Charter cities

The idea of charter cities, originally promoted by Stanford economist Paul Romer, sparked a lively academic debate in the field of economic development. The idea of charter city rests on the premise of creating special reform zones within countries. The reform zone would not be governed by the prevailing system of formal and informal rules within countries. The concept of charter city would serve as an intellectual laboratory of ideas in which governments would be let to quickly adopt innovative system of rules. The purpose of charter cities is the empowerment of incentives in world’s less developed countries to develop human capital skills, hence, to increase the level of productivity and real wages that could foster the increase in the standard of living. By and large, the core idea of building a charter city means building a city of about 1000 sq. kilometers in the unoccupied land of the host country and adopting an innovative system of formal and informal rules provided by the source country. The example of charter city include selling Guantanamo to Canada and turning the little piece of Cuban land into Caribbean Hong Kong by adopting a formal system of rules and governance based on limited government, strong rule of law and free market; and turning the new territory into manufacturing hub that could serve as a source of income for workers across Caribbean islands such as Haiti. The charter city would not only provide the opportunity for testing intellectual ideas and innovations but also migrational opportunities for individuals from world’s most impoverished countries such as Haiti. The coordination of the charter city is managed by a triangle. First, the host country would provide the piece of land. Second, the source country would provide the infrastructure, human capital and ideas. And third, the guarantor country would provide the assurance that the charter would be respected by both countries.

The concept of the charter city has gained significant attention by development experts in discussing developmental malaise in world’s least developed countries in Africa. The empirical evidence on Africa’s underdevelopment is striking. It suggests a blinking interplay of corruption, institutional fragility and state failure. According to African Development Indicators, about 75 percent of firms in Cote d’Ivoire identify corruption as the major constraint in doing business. In Ethiopia, less than 2 percent of females enroll tertiary education. Moreover, the average Ethiopian female can expect only 7 years of total schooling. In Liberia, about 11 percent of married women partake a contraceptive use by any method. Hence, one third of young Liberian women, aged 15-19. In addition, 60 percent of Liberians live below $2 per day. In Mozambique and Sierra Leone, only 45 percent of young women are literate. A female at birth in Sub-Saharan Africa can expect to experience no more than 8 years of total schooling throughout her life.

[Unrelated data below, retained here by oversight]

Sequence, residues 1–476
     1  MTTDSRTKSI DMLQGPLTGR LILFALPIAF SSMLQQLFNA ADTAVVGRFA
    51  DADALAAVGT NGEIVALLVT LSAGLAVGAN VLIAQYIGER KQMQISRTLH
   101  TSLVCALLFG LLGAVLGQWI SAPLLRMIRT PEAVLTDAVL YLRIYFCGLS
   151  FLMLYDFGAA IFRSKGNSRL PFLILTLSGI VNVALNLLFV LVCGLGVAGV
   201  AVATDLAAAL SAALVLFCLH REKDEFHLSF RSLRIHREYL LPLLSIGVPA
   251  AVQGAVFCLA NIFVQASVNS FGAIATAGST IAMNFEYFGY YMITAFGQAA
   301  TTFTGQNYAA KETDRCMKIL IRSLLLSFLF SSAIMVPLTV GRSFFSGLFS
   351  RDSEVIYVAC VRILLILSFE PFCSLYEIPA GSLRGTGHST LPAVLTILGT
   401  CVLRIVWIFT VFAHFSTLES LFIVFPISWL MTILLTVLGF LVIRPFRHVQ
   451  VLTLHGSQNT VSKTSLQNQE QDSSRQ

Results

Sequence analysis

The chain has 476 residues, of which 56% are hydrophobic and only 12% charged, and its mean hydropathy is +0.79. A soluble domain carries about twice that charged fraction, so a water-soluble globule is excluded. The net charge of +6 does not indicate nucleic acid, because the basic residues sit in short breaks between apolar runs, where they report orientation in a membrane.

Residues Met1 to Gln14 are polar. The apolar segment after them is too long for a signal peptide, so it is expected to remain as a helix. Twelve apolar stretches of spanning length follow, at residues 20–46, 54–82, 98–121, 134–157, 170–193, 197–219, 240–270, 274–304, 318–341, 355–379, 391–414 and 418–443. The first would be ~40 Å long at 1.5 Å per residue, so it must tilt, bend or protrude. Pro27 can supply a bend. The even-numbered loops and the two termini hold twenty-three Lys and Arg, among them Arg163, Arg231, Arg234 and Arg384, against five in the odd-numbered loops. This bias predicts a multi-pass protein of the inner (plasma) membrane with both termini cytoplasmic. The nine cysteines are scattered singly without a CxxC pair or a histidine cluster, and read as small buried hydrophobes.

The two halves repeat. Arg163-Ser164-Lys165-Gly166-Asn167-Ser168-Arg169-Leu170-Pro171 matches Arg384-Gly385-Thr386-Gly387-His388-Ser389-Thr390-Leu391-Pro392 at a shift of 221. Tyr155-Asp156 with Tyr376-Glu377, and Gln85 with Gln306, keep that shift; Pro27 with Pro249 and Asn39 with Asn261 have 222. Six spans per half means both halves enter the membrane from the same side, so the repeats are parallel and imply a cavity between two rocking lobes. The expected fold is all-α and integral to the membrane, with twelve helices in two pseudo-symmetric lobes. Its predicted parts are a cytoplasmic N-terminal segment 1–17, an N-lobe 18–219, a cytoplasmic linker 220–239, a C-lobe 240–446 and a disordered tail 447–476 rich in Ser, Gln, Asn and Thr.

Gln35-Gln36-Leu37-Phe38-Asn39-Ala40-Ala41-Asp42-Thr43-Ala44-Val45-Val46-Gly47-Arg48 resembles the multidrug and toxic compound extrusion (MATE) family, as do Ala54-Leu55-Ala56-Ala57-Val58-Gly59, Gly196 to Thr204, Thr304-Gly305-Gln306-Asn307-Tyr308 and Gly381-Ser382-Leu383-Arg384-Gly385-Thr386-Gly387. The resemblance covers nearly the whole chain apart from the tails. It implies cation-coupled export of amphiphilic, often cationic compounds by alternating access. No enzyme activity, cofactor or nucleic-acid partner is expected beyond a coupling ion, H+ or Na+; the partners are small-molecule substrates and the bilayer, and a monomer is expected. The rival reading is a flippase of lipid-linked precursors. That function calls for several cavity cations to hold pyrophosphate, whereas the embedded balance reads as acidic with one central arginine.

The perennial question in the establishment of charter cities is whether the idea can serve as a source of good rules, promoting good governance through low-cost contract enforcement. Institutional fragility of states across world’s least developed countries is largely the economic outcome stemming from wrong development diagnostics, mismatched policy choices and a rigid structure of formal and informal institutional arrangements which resulted in a myriad of bad rules and corrupt political leadership across the specturm of world’s poorest countries. The general conclusion from the lessons of development policy is that in the last century, development policy failed to facilitate meaningful prescriptions for a permanent rise of GDP per capita. In particular, the misdiagnosis of essential development dilemma is not a consequence of technical failure in delivering concrete solutions to applied issues of economic development but a consequence of mismatched theoretical foundations which supplied wrong assumptions. Theoretical models of economic growth and development in late 1950s and early 1960s rested on the assumption on output per worker as an increasing and diminishing function of the capital per worker. Although the validity of the neoclassical growth theory remains undisputed, development policy and international aid donors failed to recognize that increasing the amount of aid does not lead to better development outcomes. In fact, the majority of Sub-Saharan countries experienced the relative decline of GDP per capita in the 20th century. In 1913, the GDP per capita of Ghana (in 1990 international dollars) represented 42 percent of the average GDP per capita of European periphery. In 2008, Ghana’s GDP per capita represented merely 8 percent of the average GDP per capita of European periphery. By the available statistics, Algeria was the second wealthiest country in Africa, only after South Africa. In 1913, Ghana was the fourth richest society in Africa, only after South Africa, Algeria and Egypt. In 2008, Ghana’s GDP per capita was ranked 20th in Africa, in the same range as Angola, Lesotho and Nigeria.

The question surrounding the emergence of the charter city is whether it can serve as a treatment to the contagious sclerosis of fragile institutional structure in failed states, marred by poor governance and the lack of law and order, causing the failure to enforce private contracts as to ensure the rule of law and provide the institutional impetus for sound governance and better formal and informal rules. A notable criticism of the institutional fragility in world’s less developed countries pertains to the capture of the state by the political elites. The political elites in world’s poorest regions have provided sufficient conditions for the capture of government and judicial system by incorporating a system of powerful informal arrangements through bloated corruption which consequently impaired investment and ultimately resulted in the expropriation of private property rights. The institutional chaos in the most failed states of the world culminated into behavioral adaption to bad rules. The sequence of harmful economic policies eventually seized upon poor development outcomes such as high rates of poverty, stagnating income per capita, low life expectancy and poor health and education indicators.